Janet Evanovich was a moderately successful writer of romance novels before she became the funniest thriller writer in the world, and I figured at some point that side of her would come out. It’s taken 17 books before the glorious madness that is the life of Stephanie Plum would start to take a turn toward the mundane normality of New Jersey polyamory, but that’s where the series is these days. In Smokin’ Seventeen and Explosive Eighteen, written and published less than 12 months apart, there’s a lot less insanity and a lot more about Plum’s love life.
At least she gets laid, a lot, once the grandmother of her sometimes boyfriend Morelli puts some type of evil-eye curse on her that makes her really, really horny. She goes back and forth between fucking Morelli, the Trenton cop, and fucking Ranger, the dangerous Cuban man of mystery (sounds like a romance novel, right?) -- and she spends a fair amount of time (way too much) trying to figure it all out.
Seventeen is all about sex and dead bodies, the ones that appear in the empty lot near the trailer where her cousin Vinny’s bail-bonds business is temporarily located now that his old office was blown up. Although neither of these books is as funny as the others in the series, they both still have the Evanovich charm: In Seventeen, there’s the Gonna Gork Meter, a 72-year-old guy who thinks he’s a vampire and keeps biting women on the neck and an FTA who meets Plum and her pal Lula like this:
Merlin answered the door at the second knock. He was naked again, and he had a boner.
Lula checked Merlin out. “Must be that time of day.”
Eighteen has a really dumb theme about Plum taking a dream vacation in Hawaii with one of the two men but we don’t know which one, a gimmick that doesn’t really work. (Note to My Favorite Funny Writer Ever: The romance thing didn’t work out well, remember? Stick to gorking and vampires.) There’s a missing picture that half the crooks in Jersey seem to want to kill someone over and they think Plum has it. It’s actually a little more of a continuing plot line than a lot of the other books, and there’s still some excellent moments featuring Grandma Mazur, who loves to attend funerals and remains one of the best characters in modern American literature:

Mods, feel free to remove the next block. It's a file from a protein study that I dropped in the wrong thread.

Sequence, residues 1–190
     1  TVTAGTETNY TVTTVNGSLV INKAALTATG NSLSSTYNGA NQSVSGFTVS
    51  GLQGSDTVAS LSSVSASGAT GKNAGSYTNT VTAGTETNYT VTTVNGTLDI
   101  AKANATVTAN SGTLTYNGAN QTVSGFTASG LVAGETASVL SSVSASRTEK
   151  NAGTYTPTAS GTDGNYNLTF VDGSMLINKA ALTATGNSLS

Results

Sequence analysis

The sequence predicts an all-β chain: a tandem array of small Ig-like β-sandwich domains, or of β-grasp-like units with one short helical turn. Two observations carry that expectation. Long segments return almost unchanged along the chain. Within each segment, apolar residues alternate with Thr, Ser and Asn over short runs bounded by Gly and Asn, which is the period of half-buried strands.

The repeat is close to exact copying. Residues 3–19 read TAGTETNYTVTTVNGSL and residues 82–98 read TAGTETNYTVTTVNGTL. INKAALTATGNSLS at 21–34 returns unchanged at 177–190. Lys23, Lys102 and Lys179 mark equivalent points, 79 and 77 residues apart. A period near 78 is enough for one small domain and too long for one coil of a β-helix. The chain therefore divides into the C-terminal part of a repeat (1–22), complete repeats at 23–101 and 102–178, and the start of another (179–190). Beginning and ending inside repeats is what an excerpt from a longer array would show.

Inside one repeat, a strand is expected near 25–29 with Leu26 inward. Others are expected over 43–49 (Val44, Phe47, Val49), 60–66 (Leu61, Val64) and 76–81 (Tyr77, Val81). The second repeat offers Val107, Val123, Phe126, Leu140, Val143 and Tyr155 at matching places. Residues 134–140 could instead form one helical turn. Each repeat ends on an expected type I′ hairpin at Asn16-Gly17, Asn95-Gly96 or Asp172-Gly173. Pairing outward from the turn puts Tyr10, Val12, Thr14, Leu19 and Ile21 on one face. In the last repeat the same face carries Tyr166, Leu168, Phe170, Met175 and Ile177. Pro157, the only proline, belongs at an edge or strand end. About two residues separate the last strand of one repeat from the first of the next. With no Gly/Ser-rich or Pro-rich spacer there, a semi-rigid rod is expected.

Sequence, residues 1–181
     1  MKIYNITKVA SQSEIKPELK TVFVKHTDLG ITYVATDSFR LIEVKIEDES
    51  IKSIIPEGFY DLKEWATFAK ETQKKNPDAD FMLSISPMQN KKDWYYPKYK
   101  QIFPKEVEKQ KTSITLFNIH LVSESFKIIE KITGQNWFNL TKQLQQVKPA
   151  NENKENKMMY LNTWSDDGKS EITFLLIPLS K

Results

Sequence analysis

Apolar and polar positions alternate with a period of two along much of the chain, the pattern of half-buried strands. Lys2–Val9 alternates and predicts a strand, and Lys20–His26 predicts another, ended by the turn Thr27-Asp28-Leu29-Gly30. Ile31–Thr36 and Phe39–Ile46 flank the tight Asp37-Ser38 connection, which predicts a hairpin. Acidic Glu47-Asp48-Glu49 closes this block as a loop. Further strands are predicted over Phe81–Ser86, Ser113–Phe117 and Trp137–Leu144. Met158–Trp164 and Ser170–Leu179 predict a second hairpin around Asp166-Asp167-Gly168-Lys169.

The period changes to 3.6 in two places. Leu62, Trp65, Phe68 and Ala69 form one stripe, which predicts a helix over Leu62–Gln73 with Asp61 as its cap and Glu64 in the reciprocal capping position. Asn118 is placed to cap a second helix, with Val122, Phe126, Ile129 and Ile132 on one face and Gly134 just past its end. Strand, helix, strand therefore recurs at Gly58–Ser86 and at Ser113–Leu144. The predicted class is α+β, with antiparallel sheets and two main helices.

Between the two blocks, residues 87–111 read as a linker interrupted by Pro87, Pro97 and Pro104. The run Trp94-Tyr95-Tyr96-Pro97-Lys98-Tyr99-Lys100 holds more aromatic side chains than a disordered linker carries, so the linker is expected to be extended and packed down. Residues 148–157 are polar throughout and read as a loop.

“It got better after you left,” she said. “Melvin Shupe came through the line and cut the cheese right when he got up to the casket. He said he was sorry but the widow made a big fuss over it. And then the funeral director came with air freshener and when he sprayed it around, Louis Belman got an asthma attack and they had to cart her out the back door to get some air. Earl Krizinski was sitting behand me, and he said he saw Louisa’s underpants when they picked her up, and he said he got a stiffy.”
Let’s face it: If you’re an Evanovich fan, and millions of us are, you’re going to read both of these books anyway, and you’ll enjoy them just fine. But if you haven’t been introduced to the world of this particular Jersey girl, I’d start with another selection.
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